This video is Courtesy of EMDR International Association https://www.emdria.org
Eye Movement Desensitization and Reprocessing Therapy is a specialized and highly effective approach to therapy. It should only be utilized by licensed therapists who have completed specific training criteria set forth by the EMDR International Association. Some EMDR therapists have completed basic training, while others have completed additional criteria for EMDR Certification.
Some of the ways we have seen EMDR used effectively with our clients include improving body image issues, social anxiety, relationship trauma, sexual trauma, and alleviating various types of fears. An EMDR approach can be effective for single stress events or single traumatic experiences as well as for long standing or repeated stressors and traumatic experiences. An example of these would be a single experience of a traumatic car accident or a long standing history of childhood neglect by a primary care giver. Although the specific treatments plans may look very different in these two examples (what the client is targeting to process) the way EMDR is structured will be very similar.
Your EMDR therapist will guide you through 8 phases of EMDR therapy. The first phase includes history taking and treatment planning. This is where you and your therapist will explore the major events and themes in your life that have had a significant impact on you. Because EMDR is a client centered approach, you will always have the final say on your goals for therapy. In the second phase, preparation, your therapist will provide you with all the essential information you need to know about EMDR. You will also learn some emotional regulation and containment strategies that will help you cope with any disturbances that may arise during your EMDR sessions. Phase three, assessment, is where your therapist will gather specific information from you about the target memory or incident you will be working on. This information includes the associated disturbing image, negative belief, emotions, and body sensations. Phase four, desensitization, is where the processing and bilateral stimulation take place. Your therapist will guide you through sets of eye movements or other form of bilateral stimulation and stop to check in with you so your therapist can be informed about how your processing is going and if any adjustments need to be made. Phase five, installation, is where we focus on replacing your original negative believe with a positive self-referencing belief. Phase six, body scan, is where you will be guided through a mental scan of your body to check for any lingering negative body sensations. If there are any, don't worry, your therapist knows what to do in these situations. Phase 7, closure, is how we address an incomplete target if it is not resolved within the allotted session time. We will need to resume processing this target in the following session. This may include utilizing some of the skills you learned during the preparation phase. Phase 8, reevaluation, involves the therapist checking back in with you about the work that has been done in the previous sessions. Your therapist will want to know how things are going between your sessions and if any disturbances have been present.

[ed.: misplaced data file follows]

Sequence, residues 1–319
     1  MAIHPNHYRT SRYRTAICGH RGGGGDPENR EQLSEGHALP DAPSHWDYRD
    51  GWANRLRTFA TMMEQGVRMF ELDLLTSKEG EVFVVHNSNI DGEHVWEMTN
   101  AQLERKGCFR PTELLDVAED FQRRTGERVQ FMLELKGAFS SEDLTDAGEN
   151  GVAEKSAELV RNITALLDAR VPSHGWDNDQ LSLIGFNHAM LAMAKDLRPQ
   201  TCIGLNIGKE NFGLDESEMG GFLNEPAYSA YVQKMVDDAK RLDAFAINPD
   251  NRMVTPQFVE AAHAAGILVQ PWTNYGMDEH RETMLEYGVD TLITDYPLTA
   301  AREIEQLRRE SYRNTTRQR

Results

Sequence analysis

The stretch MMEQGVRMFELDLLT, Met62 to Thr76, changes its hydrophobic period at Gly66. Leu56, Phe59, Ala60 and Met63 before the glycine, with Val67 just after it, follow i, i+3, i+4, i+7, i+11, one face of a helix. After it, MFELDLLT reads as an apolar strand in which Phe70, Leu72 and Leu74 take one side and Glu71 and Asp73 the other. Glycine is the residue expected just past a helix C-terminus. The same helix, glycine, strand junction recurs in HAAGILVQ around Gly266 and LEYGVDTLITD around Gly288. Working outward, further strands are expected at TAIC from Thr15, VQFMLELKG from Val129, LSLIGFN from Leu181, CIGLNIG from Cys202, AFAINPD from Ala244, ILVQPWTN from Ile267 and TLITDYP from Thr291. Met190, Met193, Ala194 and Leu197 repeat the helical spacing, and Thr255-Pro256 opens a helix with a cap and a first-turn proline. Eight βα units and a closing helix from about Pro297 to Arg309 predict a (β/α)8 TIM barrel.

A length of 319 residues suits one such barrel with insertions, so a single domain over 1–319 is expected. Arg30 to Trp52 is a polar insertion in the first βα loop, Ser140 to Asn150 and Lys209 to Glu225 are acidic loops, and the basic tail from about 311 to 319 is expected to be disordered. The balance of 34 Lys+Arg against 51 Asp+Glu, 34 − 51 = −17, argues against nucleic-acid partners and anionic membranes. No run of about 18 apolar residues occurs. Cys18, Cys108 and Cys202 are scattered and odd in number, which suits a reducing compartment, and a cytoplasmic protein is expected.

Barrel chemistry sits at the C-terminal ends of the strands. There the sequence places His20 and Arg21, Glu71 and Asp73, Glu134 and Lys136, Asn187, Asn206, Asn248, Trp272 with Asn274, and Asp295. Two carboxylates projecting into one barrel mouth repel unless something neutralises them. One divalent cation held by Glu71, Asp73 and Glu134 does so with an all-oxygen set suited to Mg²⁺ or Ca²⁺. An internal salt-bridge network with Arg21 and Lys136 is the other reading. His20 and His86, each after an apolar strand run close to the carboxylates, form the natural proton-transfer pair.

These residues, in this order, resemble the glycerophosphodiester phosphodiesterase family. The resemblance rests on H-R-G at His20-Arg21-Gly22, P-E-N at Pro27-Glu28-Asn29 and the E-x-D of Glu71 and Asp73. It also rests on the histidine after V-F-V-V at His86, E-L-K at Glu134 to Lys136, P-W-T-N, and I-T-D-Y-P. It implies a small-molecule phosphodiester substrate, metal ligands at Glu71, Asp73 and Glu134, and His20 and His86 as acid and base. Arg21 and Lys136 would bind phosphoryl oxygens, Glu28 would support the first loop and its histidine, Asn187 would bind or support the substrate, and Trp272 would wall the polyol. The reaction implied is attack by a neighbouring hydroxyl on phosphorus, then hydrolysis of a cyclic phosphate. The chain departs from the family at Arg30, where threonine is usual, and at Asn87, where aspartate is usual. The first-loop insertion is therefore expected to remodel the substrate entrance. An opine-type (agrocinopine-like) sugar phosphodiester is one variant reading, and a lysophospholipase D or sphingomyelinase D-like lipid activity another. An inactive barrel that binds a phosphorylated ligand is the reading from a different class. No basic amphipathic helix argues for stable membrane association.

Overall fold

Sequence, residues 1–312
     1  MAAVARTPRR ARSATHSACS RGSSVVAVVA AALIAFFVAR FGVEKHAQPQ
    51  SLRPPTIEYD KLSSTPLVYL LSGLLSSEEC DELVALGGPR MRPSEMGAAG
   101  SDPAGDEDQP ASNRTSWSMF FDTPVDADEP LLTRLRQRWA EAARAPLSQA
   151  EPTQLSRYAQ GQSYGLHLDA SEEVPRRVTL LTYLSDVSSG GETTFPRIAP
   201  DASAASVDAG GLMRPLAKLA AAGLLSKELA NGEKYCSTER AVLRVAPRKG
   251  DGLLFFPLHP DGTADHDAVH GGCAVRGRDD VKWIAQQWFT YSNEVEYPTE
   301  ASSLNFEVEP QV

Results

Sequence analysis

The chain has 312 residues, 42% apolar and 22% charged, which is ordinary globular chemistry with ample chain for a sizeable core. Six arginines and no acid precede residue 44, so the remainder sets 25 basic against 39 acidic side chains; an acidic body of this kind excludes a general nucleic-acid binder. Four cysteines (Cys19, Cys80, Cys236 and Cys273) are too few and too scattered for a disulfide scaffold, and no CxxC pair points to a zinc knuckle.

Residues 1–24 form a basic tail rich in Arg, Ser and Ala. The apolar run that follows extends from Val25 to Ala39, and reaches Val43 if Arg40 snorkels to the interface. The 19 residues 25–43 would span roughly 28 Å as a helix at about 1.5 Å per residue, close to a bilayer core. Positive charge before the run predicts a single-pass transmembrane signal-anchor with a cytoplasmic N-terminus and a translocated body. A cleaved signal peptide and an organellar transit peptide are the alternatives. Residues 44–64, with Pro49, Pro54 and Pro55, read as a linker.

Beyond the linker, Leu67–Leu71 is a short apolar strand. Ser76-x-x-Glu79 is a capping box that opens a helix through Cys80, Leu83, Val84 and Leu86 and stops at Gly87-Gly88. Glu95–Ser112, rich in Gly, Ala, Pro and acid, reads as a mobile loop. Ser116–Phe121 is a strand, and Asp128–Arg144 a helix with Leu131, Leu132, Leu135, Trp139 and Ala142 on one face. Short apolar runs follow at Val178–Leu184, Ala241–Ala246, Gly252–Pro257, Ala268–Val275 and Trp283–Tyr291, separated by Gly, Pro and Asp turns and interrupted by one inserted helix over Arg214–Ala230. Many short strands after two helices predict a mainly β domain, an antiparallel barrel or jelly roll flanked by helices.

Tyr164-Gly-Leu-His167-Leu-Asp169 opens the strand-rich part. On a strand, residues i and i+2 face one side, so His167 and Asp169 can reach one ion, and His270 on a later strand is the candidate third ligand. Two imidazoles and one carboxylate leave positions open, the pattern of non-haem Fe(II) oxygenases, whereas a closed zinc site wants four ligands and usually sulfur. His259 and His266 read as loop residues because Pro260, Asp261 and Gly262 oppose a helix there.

Joni Adams offers EMDR consultation services to therapists who have completed EMDR basic training and are seeking consultation hours toward their EMDR certification. Please contact Joni using the contact form for more information.